We The Italians | Italian little Italies: Sottoguda, the last village in the valley

Italian little Italies: Sottoguda, the last village in the valley

Italian little Italies: Sottoguda, the last village in the valley

  • WTI Magazine #131 Sep 19, 2020
  • 229

Climbing up the Pettorina Valley in the upper side of the Belluno province in Veneto and in the heart of the Dolomites, Sottoguda is the last village before Malga Ciapéla and the Marmolada Mountain.

The borgo, which is part of the municipality of Rocca Pietore, extends from Punta Penia, Marmolada’s peak (3342 mt), up to the whole Val Pettorina and to the right bank of the Alleghe Lake, and it includes beautiful and wild valleys such as Ombretta, Franzedas e Valbona.

Once a Lombard military settlement, Rocca Pietore from 1000 to around 1935 was part of the County of Tyrol and of the Brixen Diocese. Passed under the rule of the city of Belluno, for 411 years, until the advent of Napoleon, it was a small Republic –  The Magnificent Community of the Fortress – with a strong autonomy.

Sottoguda is an ancient borgo whose written evidences date back to 1260. It is characterized by the numerous tablèi, wooden barns spread all over the  Dolomitic area of Ladin Culture, used by farmers for hay’s storage and recovery of the livestock and agricultural tools. 

Agriculture has been for centuries the main source of surviving for this small community. Today the tradition of the wrought iron manufacture survives  thanks to some artisans that have their shops on the road connecting  Sottoguda to the Palue village.

The most ancient building of Sottoguda, the only one survived at  the 1881 fire, is the little Church of Saints Fabiano, Sebastiano and Rocco, consecrated in 1486, when it was supposed  to serve a community of about ten residences. The bell tower dates back to 1550 and the altar to 1616.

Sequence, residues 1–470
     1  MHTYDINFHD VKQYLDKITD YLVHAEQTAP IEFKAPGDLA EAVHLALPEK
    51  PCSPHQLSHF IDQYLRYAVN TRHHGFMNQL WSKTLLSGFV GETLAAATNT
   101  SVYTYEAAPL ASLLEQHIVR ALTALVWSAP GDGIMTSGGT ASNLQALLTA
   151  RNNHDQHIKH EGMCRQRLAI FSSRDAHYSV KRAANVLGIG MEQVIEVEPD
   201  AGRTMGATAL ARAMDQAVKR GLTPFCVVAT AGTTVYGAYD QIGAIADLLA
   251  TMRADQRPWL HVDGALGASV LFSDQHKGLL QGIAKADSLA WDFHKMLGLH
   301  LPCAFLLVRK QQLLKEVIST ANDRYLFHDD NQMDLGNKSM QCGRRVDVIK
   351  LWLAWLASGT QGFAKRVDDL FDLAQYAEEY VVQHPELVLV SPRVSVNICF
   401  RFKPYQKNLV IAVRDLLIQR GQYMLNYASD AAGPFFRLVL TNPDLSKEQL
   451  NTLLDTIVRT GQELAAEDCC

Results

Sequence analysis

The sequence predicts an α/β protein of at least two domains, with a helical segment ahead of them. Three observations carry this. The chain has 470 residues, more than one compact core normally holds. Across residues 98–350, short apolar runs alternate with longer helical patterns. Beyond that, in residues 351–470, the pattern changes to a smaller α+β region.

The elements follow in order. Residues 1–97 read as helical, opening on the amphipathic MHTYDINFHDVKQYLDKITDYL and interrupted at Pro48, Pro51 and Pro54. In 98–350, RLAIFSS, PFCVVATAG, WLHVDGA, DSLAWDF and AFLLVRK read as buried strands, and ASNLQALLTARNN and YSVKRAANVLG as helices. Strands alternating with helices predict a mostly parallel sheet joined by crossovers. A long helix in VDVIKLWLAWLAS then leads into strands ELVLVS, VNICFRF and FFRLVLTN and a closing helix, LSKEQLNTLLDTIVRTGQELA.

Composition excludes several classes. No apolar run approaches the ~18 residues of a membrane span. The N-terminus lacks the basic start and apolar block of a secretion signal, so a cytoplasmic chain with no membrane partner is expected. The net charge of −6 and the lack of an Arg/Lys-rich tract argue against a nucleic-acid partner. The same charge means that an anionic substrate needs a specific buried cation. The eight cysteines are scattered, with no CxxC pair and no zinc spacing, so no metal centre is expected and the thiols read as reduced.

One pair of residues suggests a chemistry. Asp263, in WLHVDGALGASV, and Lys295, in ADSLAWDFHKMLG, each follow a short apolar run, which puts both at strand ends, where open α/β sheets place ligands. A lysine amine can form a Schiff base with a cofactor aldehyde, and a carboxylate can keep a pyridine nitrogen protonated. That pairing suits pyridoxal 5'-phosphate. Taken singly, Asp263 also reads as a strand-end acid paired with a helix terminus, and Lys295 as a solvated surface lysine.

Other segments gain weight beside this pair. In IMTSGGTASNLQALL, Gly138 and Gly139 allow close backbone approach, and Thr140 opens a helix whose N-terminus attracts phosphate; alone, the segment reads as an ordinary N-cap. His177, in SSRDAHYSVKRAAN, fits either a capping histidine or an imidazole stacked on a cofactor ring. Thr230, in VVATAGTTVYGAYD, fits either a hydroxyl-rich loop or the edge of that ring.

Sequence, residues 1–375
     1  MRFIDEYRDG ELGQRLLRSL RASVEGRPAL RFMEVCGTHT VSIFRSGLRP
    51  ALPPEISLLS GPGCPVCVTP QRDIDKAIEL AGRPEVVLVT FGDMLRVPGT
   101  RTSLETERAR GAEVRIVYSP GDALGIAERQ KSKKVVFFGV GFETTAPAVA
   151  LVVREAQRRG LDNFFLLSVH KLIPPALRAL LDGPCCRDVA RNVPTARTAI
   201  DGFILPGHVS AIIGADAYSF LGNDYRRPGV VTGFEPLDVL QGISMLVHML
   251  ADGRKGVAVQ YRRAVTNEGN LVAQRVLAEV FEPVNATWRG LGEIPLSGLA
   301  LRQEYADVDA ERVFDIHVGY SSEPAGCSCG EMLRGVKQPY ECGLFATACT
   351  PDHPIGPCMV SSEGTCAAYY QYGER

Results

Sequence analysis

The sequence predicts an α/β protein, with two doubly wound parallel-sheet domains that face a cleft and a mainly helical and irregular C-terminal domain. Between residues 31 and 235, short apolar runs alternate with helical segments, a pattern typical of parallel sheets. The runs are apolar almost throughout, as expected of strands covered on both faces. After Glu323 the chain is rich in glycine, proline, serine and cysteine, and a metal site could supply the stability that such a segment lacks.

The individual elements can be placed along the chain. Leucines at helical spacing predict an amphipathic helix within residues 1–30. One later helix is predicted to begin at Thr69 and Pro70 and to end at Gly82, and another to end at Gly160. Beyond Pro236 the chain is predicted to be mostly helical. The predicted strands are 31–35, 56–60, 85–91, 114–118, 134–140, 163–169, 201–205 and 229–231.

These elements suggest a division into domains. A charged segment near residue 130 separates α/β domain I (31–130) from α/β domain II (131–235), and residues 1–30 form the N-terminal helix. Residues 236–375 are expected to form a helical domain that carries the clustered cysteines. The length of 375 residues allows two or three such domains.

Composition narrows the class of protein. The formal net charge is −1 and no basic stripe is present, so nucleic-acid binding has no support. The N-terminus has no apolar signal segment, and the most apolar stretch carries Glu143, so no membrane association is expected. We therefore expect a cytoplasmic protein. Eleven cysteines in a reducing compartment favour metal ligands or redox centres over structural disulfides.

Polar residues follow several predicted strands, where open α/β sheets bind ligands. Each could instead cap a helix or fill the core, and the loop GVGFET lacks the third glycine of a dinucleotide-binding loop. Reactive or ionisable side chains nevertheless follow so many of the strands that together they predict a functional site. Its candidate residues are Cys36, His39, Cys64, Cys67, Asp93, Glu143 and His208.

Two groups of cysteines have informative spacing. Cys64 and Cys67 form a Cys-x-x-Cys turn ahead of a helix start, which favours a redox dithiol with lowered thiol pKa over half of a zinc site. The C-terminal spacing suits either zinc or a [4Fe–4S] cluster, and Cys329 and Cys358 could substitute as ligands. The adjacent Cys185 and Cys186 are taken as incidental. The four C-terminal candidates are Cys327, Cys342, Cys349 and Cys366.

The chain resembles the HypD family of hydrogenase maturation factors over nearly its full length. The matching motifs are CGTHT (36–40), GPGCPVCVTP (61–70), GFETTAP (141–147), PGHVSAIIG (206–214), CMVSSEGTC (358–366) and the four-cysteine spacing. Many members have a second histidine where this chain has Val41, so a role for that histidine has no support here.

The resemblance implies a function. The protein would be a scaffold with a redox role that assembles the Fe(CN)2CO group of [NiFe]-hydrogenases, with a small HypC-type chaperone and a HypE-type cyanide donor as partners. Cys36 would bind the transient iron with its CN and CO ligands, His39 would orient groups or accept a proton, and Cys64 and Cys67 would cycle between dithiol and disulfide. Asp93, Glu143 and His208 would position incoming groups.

After the last houses of the borgo, you’ll find the Gola dei Serrai (Serrai Gorge), a deep canyon of about two kilometers, today a regional Park. In winter, when the waterfalls freeze and cover the rock walls with a thick layer of ice, the gorge  becomes an ice climbing gym renowned all over Europe.

Today large flocks of sheep pasture on the meadows, otherwise uncultivated. A new bike trail 11 kilometers long runs along the area connecting Sottoguda to the last village, Masarè.

A cableway leaves from Malga Ciapéla reaching Punta Rocca, up to 3309 meters, the second highest peak of the Marmolada and the entire Dolomites.

Among the many possible itineraries we mention three CAI trails departing from Sottoguda: the first leads to Forcella Valbona (2196 mt), inhabited only by ibexes and chamois, between firs, alders and blueberry plants; the second leads to Forcella delle Fontane (2211 mt.) climbing the old mule track and reaching the pastures; the third reaches the Malga Franzedàz (1980 mt.), a panoramic plateau spread with small barns and casére (kitchens of the shepherds). 

In summer, every Thursday evening, Sottoguda livens up with the event “Na sera da Zacàn” –   ancient arts and crafts.  Food and music are the best expressions of artistic craft and ancient arts such as iron beating, wool manufacturing and wood carving. 

The name 

Guda is the ancient town name referring to a mountain of secondary importance. The name of the municipality, Rocca Pietore, has a military array that recalls the ancient fortress destroyed by the Bellunesis at the end of the fourteenth century.